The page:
It’ll handle old games, but not the latest graphics-intensive titles. It also means the extra resolution on offer here is only useful for making the desktop and general interface look sharp, and for playing high-resolution video.
Finding the Intel Core M’s limits isn’t hard. However, one benefit is that this is a silent laptop (bar any touchpad or key noise you make). It uses full passive cooling: no fans at all. In normal day-to-day use as a Word, email and browsing machine it stays very cool, too.
The other big benefit of the Core M 6Y30 CPU is that it uses very little power. It lets the UX305CA balance the high screen resolution with good battery life. Windows laptops continue to struggle to match that of MacBooks, but the ZenBook UX305CA lasts a respectable nine hours when playing back a 720p video at 120cd/m2 brightness.
We’ve also been using it in our daily work routine, and if you’re in a location that’ll let you keep the brightness low, it’ll last a decent eight hours off a charge. That includes plenty of Wi-Fi use, too. Crucially this is better than a lot of the rival Core i7/i5 ultraportables we’ve reviewed recently.
The one area we’ve not covered yet is speaker quality. Like many Asus laptops, the UX305CA uses Bang and Olufsen IcePower speakers, one at each end of the underside. The sound is fairly thin and light, and is not hugely loud, however, the tone is natural, making even music perfectly listenable once your ears bed into the lack of lowerend body. There’s also no obvious distortion at max volume. They may be fairly ‘standard’ laptop speakers, but the low price and that 12mm thickness will make you think about them more favourably.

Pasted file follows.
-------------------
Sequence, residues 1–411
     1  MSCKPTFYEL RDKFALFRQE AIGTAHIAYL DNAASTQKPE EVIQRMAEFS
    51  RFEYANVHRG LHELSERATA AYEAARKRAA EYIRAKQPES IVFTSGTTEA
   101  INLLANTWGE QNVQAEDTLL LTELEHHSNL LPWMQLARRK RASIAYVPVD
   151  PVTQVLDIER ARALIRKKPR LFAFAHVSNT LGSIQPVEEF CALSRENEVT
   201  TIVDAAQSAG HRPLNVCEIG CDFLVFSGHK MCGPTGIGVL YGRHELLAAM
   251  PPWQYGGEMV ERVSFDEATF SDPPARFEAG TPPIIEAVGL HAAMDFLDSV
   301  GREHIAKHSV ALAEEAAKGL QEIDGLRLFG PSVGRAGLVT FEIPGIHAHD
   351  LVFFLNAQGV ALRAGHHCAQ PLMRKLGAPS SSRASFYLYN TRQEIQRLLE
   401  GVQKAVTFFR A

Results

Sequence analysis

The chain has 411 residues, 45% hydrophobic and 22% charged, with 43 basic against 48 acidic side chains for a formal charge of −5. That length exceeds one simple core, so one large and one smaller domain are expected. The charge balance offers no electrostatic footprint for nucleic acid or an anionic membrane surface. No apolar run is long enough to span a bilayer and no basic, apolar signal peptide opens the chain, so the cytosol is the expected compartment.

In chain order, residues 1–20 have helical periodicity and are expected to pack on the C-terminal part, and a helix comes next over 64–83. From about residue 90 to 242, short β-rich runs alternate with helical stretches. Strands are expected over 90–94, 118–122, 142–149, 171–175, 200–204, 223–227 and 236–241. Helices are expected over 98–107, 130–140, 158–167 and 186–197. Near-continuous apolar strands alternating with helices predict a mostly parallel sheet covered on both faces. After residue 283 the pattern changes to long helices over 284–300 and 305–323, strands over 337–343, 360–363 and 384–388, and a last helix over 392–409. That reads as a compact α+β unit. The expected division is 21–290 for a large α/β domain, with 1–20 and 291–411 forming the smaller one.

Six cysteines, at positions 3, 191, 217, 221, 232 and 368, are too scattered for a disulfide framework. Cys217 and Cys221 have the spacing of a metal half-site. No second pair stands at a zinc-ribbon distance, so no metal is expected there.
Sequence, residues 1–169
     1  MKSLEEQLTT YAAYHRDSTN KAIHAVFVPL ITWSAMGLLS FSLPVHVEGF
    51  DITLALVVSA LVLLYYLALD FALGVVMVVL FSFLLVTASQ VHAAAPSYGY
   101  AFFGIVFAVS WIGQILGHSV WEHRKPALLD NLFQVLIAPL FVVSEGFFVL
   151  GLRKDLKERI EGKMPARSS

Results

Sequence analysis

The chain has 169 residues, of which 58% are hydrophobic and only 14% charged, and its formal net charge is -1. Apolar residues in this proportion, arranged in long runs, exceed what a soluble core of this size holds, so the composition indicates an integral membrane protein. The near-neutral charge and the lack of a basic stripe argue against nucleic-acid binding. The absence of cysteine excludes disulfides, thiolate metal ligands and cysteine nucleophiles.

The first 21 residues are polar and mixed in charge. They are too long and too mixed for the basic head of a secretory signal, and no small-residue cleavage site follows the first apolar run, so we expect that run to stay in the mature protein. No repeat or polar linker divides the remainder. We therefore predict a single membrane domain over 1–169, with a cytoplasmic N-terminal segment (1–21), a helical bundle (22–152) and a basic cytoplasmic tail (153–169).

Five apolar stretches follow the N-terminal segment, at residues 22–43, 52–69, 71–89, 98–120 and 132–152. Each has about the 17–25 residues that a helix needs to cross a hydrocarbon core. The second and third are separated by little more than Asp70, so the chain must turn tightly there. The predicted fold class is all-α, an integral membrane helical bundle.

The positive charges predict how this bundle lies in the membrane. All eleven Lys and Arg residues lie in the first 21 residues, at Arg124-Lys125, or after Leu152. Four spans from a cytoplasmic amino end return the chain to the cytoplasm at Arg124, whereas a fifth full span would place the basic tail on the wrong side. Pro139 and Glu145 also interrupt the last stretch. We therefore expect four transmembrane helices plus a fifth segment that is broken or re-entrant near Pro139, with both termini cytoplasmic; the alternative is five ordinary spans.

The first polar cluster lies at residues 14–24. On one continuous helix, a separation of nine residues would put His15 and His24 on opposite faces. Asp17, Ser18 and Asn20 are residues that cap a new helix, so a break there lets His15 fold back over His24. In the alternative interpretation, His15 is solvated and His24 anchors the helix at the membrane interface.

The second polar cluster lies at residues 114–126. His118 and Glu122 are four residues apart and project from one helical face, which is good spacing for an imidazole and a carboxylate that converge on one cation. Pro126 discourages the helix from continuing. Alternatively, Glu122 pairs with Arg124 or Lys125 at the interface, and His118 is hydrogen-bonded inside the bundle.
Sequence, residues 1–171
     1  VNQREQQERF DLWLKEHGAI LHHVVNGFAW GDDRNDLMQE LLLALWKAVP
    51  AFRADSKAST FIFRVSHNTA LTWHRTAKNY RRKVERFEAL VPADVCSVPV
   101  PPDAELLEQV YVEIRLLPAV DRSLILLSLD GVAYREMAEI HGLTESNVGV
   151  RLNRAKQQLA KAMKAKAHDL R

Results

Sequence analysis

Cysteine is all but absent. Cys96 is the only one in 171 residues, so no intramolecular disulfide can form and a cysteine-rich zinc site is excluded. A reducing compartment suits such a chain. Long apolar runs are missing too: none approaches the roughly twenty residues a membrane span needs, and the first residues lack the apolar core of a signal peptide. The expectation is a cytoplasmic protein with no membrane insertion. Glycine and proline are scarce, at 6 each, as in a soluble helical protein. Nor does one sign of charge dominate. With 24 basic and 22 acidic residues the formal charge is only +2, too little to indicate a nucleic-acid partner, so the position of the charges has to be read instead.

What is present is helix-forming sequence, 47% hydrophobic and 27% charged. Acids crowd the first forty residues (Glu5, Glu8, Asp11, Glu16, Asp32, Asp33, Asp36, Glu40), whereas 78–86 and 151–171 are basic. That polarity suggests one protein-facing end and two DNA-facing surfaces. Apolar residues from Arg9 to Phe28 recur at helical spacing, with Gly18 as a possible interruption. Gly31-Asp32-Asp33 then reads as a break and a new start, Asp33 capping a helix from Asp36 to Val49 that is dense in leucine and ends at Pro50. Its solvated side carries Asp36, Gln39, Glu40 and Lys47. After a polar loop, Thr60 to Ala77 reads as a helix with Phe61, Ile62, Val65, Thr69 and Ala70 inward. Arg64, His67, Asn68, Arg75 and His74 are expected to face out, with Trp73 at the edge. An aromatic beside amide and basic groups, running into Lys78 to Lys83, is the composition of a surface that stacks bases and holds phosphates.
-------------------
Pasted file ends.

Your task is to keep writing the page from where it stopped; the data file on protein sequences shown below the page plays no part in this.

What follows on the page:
The Asus ZenBook UX305CA is a sensible upgrade to the UX305 we looked at last year. It has a newer CPU and a much higher-resolution screen, butt remains a seriously portable, premium-feeling laptop. That you can get this grade of machine for £649 shows that while Apple’s pricing has improved, companies like Asus still have the edge. The UX305CA’s Core M CPU limits this laptop’s target audience, but it still feels fast for everyday tasks and will last all day, making it ideal for those who find themselves hopping between meetings or cafes as part of their daily grind. If you’re looking for something to use mostly at home, you might want look for something with a little more power and a screen with slightly higher contrast, though.
Alien Isolation 1080p
Alien Isolation 720p